By Zoe Todd, CBC News Posted: Nov 08, 2015 5:00 AM
“If I don’t feel happy, I can’t paint.”
In the past four years, Hasan Abdalla has painted less and less. Instead, he keeps his canvases rolled up and stacked in a closet in his apartment in London.
Abdalla, a Syrian Kurdish painter, applied for asylum in the U.K. four years ago.
He’s one of tens of thousands of refugees recently arrived in Europe, and now arriving in growing numbers. He’s also one of the many struggling to cope with what he has lived through.
It took almost a year for his claim to be accepted, but he was granted five years of humanitarian protection that allows him to live and work in the U.K. He’s settling into a new apartment with his wife and youngest son after a string of temporary housing.
Three days after the family moved in, there are still boxes on the floor. Abdalla’s wife has unpacked two patterned cups and a small bag of Syrian coffee from home. A soccer match broadcast by Al-Jazeera plays quietly in Arabic on the TV.
In Syria, Abdalla sold his abstract and expressionist work for as much as $5,000, but in London he says he’s lucky to get a quarter of that price at outdoor markets. “I used to be productive and I thought that nothing is difficult for me to paint – whatever I want, I could paint,” Abdalla said.
But then he hears about another friend or family member killed in Syria. “I live that anxiety – that worry. If you are worried and anxious, you can’t paint.”
Abdalla’s anxieties are not unusual among the refugees now flooding into Europe, a 2015 study suggests.
The German Chamber of Psychotherapists has released numbers suggesting half of the refugees in Germany are traumatized by their experiences. Most commonly, they suffer from post-traumatic-stress disorder or depression – often both.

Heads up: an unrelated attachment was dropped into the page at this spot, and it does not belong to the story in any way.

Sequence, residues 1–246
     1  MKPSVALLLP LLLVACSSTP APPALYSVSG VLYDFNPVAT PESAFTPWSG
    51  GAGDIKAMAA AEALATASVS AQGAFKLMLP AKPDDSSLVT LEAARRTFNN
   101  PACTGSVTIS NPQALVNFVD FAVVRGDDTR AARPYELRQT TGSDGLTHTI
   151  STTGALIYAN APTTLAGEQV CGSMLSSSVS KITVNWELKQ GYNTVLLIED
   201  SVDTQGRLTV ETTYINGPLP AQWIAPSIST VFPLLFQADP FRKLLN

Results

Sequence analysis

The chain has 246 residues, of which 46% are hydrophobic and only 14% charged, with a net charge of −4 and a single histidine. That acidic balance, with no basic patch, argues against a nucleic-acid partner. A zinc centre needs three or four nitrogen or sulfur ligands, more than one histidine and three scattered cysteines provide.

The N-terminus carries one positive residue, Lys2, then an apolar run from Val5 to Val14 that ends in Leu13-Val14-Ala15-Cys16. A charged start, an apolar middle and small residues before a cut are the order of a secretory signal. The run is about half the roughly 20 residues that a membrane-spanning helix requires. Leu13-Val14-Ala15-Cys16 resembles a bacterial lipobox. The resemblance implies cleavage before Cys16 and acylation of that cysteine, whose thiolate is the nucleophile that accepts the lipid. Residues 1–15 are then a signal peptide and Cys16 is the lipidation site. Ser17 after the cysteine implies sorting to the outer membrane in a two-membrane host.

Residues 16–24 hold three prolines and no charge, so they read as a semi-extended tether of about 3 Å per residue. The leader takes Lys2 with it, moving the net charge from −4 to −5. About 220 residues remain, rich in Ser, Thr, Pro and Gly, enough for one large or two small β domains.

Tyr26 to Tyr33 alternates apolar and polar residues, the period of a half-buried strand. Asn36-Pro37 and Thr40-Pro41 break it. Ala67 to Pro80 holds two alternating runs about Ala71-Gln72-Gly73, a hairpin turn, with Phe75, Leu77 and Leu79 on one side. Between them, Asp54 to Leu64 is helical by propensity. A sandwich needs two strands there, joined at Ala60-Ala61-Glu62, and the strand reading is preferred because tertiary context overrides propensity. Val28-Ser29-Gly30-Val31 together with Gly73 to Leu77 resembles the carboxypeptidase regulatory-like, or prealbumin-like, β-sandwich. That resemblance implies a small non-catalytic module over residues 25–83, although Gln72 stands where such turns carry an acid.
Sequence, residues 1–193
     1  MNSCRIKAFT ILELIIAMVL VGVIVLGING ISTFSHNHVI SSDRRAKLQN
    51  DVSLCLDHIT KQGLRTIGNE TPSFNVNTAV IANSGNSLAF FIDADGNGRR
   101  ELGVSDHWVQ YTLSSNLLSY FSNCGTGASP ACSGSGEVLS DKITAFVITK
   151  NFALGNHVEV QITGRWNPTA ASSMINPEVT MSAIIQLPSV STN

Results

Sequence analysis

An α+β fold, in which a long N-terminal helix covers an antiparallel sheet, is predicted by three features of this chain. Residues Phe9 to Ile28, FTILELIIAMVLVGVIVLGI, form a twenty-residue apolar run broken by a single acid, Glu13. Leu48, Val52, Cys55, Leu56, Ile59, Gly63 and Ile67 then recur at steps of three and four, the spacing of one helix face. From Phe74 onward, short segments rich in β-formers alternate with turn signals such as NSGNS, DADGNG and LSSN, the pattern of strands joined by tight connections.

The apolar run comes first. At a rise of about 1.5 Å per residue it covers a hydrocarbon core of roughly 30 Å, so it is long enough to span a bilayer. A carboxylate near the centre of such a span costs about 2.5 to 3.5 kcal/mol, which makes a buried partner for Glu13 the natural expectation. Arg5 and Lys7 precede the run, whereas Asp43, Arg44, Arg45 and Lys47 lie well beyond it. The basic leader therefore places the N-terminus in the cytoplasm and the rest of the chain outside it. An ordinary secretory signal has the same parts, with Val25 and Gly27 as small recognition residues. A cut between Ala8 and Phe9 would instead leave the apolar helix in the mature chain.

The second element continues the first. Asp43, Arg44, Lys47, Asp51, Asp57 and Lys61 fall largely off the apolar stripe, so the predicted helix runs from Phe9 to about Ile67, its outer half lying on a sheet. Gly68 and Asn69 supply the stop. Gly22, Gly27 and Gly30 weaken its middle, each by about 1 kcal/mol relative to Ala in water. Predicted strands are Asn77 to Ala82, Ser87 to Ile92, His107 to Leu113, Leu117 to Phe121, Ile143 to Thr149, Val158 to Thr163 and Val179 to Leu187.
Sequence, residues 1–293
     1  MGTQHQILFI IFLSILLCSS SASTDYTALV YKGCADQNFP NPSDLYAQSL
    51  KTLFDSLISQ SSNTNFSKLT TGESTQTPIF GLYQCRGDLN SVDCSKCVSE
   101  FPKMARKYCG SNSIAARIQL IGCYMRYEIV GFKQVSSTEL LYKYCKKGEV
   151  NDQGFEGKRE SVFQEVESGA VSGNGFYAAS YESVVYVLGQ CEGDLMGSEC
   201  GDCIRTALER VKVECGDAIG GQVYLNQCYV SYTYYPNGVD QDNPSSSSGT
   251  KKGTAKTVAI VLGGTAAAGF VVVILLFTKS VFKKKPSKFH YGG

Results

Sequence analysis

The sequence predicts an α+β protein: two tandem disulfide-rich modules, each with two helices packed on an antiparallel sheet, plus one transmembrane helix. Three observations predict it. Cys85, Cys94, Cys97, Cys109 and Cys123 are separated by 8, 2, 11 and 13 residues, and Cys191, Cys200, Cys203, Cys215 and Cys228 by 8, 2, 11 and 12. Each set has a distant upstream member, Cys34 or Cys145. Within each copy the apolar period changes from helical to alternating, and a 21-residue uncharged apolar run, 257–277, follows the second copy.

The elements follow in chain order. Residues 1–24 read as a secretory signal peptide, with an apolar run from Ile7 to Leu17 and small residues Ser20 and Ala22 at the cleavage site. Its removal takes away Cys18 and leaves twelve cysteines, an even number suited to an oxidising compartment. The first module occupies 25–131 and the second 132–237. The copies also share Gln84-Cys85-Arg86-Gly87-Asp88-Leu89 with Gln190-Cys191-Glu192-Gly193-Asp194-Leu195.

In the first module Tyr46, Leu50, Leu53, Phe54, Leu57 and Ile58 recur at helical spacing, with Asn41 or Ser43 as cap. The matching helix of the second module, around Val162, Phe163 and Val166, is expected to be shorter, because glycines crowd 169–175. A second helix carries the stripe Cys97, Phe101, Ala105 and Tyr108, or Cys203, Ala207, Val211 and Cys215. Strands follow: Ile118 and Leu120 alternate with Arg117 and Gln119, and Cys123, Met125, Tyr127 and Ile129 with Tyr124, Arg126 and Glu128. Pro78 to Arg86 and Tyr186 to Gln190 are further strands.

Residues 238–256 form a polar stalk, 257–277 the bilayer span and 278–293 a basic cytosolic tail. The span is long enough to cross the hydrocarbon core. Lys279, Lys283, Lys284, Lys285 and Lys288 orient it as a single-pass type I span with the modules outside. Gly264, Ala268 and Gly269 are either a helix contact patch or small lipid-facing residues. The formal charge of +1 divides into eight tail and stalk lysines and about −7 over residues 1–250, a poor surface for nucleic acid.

Of those diagnosed with PTSD, 40 per cent have made plans to take their own lives. Only four per cent get psychotherapy. There are no statistics about the number of refugees who have committed suicide.
Psychotherapy is vital
Doctors who conducted the study say psychotherapy is a crucially important treatment. They warn medication isn’t enough to overcome PTSD and its symptoms, which include panic attacks, heart palpitations, difficulty breathing, dizziness, and flashbacks.
For most, the flashbacks are scenes of what made them flee. More than half of the adult refugees surveyed for the German study witnessed or experienced violence. A quarter of the children surveyed have seen dead bodies.
Abdalla knows all of those things. Syrian police arrested him at an airport in 2010 as he returned from an art exhibition in Sweden. They confiscated his passport, then imprisoned and tortured him for days. Abdalla can’t remember exactly how many.
After his release, Abdalla joined the Syrian uprising against President Bashar al-Assad. He recalls meeting with friends to protest with hundreds of people in the streets of Damascus.
Read more here. (Original posted on the CBC)